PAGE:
And Trump is just now starting to spend money on ads. Clinton has saturated the airwaves, and Trump will finally start to have a say with anyone not fast-forwarding through the commercials. This may well help move some polls his way as Hillary's message gets redundant and Trump's selling points get a first look.
And how many people are lying about their preferences to pollsters? Trump is vilified in the media, and by Clinton and her many surrogates, as not just wrong for the country, but evil, racist, dumb, greedy, dishonest, reckless, and just plain mean. So, imagine some bright young thing — or perhaps someone with a Hispanic accent — is on the phone asking you if you support Trump. It may not be so easy for many, particularly independents, to acknowledge they'd vote for such a supposedly horrible person.
"Ashamed" Trump supporters are a widely accepted and understood polling phenomenon. The only thing that is unclear is how many of them there are.
Trump has also begun an aggressive outreach to minority voters. He has, in polling with Latinos and African-Americans, nowhere to go but up. And even small gains among these demographics could make a huge difference in states with large minority populations, which include most of the swing states.
People also seem to forget that the only debates that have occurred have been in TV studios between Trump and Clinton surrogates, or between Trump surrogates and journalists. One of the keys to Trump's victory in the primaries was his strong performance in the debates, where he relegated Jeb Bush from a giant to a lilliputian who, each debate — as Trump pointed out — was positioned further and further to the edge of the stage. Until, of course, he was off it entirely.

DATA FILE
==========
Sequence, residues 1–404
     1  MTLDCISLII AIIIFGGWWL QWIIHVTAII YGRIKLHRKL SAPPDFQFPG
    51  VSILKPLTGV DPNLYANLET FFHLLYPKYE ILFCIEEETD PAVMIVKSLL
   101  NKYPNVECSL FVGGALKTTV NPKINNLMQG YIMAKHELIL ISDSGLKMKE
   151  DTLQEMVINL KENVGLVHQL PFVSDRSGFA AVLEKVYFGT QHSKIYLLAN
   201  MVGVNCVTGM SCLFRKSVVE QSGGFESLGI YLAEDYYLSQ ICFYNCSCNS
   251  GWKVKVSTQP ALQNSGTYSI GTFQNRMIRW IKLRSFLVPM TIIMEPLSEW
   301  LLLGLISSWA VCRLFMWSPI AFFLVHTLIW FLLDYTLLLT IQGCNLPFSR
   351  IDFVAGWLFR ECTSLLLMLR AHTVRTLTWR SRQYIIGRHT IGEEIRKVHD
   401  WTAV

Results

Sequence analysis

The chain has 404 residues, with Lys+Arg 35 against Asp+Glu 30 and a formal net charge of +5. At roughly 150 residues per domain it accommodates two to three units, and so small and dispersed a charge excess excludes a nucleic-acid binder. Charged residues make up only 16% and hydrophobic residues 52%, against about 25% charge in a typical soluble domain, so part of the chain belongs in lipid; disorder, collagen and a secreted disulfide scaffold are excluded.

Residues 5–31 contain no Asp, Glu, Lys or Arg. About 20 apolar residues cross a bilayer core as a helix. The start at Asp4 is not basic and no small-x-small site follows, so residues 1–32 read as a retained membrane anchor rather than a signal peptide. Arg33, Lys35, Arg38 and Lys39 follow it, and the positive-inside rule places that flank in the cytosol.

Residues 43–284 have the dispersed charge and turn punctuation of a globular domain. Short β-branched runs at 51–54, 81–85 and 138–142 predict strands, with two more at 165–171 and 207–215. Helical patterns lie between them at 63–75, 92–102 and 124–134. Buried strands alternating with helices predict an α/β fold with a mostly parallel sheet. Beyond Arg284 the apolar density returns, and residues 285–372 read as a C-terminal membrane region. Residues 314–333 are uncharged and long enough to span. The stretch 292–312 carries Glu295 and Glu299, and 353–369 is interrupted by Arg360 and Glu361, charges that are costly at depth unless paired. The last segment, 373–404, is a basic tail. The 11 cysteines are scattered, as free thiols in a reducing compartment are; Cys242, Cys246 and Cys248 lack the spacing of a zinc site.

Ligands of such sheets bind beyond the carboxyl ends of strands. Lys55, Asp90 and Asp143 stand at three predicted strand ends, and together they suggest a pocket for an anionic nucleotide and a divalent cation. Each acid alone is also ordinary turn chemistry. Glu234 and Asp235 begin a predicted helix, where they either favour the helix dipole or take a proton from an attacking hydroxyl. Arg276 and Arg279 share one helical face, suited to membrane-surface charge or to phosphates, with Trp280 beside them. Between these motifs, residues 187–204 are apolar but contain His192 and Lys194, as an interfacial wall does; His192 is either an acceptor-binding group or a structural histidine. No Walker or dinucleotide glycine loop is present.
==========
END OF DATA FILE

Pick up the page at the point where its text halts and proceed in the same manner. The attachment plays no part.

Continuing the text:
Trump also has far more to gain than Clinton during the debates. Many voters who don't like him are independents and moderate Republicans who may not have been paying such close attention during the primaries. Trump has a chance to reintroduce himself and assuage some of their fears, as stoked by the media, that he is a scary person who knows nothing about policy.
Trump is better known as a reality show host, and during the debates he can demonstrate his ability to sound presidential. Hillary, by contrast, is a known quantity on the political stage. Trump will have a chance to dispatch her with stinging criticisms in the manner he did with his hapless opponents during the Republican primaries.
And then, of course, there are the emails. We may not have seen the worst yet of Clinton's self-damaging missives. Wikileaks' Julian Assange has all but promised an "October surprise," indicating he has held some of the juicy stuff back for later use.
But perhaps the most important factor that should give Trump's supporters cause for optimism is the most essential dynamic of the election — this is simply not a status quo year. Americans are not happy with the way things are going, with respect to foreign policy, the economy, and even the culture of the country.
Nobody is more status quo than Hillary Clinton. And nobody is less so than Donald Trump.
Keith Koffler is editor of the website White House Dossier and the newsletter Cut to the News.